Georgetown University’s Newspaper of Record since 1920

The Hoya

Georgetown University’s Newspaper of Record since 1920

The Hoya

Georgetown University’s Newspaper of Record since 1920

The Hoya

Georgetown Club Cricket: A Longstanding, Diverse Club Will Make Its First Regional Appearance This Weekend

After playing only one official game in program history last spring, the Georgetown club cricket team will play at a regional cricket tournament for the first time.

The Hoyas will face George Washington University, the University of Maryland and Drexel University during the initial stage of the tournament from Oct. 7-9. If they do well enough in this group, they will get the chance to advance and play up to two more games to become regional champions. 

Matthew Turner (SFS ’23), president of the cricket club, told The Hoya he has high hopes for the team’s prospects at the tournament. 

“We’ve got a combination of some pretty good talent, with around 30 people on our match squad and we take about 12 to each game,” Turner said. “We are relatively confident. I know that George Washington University had a team for a while, but we have some alumni who are going to come and support us. We’re going to find out how good we are very quickly, but I hope we make it at least to the semifinal.”

Although this tournament signifies many firsts for the cricket team, Turner says the legacy of cricket at Georgetown goes far back into the school’s history, as there was once a club in 1861.

There was a semi-formal club that continued until the beginning of the COVID-19 pandemic, but the team never played games against other schools. After the pandemic, several students started the club again in Fall 2021, and soon had their first official match – and victory – in the spring against American University.

Instagram @GUCricket | The Georgetown club cricket team will compete in its first regional tournament ever.

In addition, Turner said Georgetown’s position in the nation’s capital and the large population of international students on the team have helped foster a community of students who share a love for the game. 

“We get this combination of a lot of people from all over the world who have played cricket before. From our most recent count, we have 13 different nationalities in the club,” Turner said.

“On top of that we have a lot of internationally-minded people at Georgetown who just want to learn about cricket or might have played some baseball and pick it up and this will be their first cricket match ever. It’s a real mix of people which is what I love about it.”

The cricket club, however, is about more than just the competition. The club focuses on building a diverse community where people of all backgrounds can meet each other and become friends.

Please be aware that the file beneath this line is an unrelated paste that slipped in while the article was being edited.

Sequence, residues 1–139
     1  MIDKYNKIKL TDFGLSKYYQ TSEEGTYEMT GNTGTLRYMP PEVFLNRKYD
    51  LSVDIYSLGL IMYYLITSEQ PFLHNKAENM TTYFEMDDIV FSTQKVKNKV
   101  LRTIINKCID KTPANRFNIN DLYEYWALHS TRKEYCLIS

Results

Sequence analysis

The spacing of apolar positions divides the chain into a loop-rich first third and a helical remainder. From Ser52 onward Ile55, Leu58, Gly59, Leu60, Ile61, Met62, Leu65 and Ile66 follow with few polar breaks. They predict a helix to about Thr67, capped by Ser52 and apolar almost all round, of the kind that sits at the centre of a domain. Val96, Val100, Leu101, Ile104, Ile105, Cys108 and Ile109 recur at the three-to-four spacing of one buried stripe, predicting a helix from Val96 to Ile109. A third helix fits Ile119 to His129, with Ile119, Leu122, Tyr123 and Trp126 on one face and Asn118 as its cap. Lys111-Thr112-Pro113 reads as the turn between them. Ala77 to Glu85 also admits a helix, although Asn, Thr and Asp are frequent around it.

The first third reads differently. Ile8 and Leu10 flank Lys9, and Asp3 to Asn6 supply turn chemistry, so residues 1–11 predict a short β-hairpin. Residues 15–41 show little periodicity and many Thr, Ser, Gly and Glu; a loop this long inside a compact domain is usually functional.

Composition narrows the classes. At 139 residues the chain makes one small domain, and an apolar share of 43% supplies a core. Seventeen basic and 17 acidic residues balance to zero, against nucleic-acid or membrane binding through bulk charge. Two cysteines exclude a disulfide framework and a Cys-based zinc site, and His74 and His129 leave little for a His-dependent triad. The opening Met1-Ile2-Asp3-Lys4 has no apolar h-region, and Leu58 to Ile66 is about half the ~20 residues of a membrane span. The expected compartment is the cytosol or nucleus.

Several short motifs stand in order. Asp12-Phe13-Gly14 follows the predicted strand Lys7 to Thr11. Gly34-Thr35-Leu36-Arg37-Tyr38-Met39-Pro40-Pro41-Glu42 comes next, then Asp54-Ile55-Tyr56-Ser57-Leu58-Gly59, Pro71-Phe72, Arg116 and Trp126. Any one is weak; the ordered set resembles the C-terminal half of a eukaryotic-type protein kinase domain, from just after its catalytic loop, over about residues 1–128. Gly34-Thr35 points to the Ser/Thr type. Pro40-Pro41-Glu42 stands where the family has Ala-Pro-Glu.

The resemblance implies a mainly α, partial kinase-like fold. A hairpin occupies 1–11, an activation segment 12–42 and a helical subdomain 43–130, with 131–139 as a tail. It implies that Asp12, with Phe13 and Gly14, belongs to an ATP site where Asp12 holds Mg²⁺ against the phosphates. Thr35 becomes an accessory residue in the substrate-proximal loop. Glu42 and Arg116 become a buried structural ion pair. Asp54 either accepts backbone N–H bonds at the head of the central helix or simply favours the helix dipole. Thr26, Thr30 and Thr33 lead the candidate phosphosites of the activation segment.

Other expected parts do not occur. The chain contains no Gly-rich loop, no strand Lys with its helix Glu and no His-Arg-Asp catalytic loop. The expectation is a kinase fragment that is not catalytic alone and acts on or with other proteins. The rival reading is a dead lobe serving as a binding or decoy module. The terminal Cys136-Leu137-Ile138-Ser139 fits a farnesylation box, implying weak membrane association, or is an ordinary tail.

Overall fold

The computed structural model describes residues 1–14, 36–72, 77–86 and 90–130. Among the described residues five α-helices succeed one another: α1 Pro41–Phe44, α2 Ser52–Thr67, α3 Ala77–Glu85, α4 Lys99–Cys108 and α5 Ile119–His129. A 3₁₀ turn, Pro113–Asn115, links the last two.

Vishwas Wadhwa (NHS ’23), vice captain of the club, told The Hoya he experienced this sense of community last year when the team was reformed. 

“We like to have fun both on and off the field,” Wadhwa said. “Oftentimes a lot of players only might have one thing in common, which is cricket, but I met some of my best friends through the team last semester.”

Despite widespread interest in the club, with around 50 people attending a team barbeque earlier in the fall and 140 members in the team GroupMe, the team is still struggling to schedule official practices and games on campus. 

“We’ve also been trying to play on Cooper Field and Kehoe Field, but I think misunderstandings about cricket have been coming into play that have made it very difficult to get us face time with Georgetown Athletics so we can explain how it works and how we could adapt it to make it safe on Cooper,” Turner said. 

The team had an exciting event planned for this fall: a game against the British embassy, in which the Dean of the SFS Joel Hellman was supposed to participate. However, even though the high-profile game was scheduled, the game fell through at the last minute because the team was unable to secure access to Cooper Field. 

Still, the team plans to play more games in the spring semester, and remains hopeful about possibly rescheduling the British embassy game. 

Turner said the team is open to new members joining and takes pride in upholding a more than 150-year-old Georgetown tradition. 

“Cricket goes back so far. The washing machine, gasoline-powered cars — Georgetown cricket is older than all of these things,” said Turner. “We are always looking for new members who want to come out and learn about cricket.”

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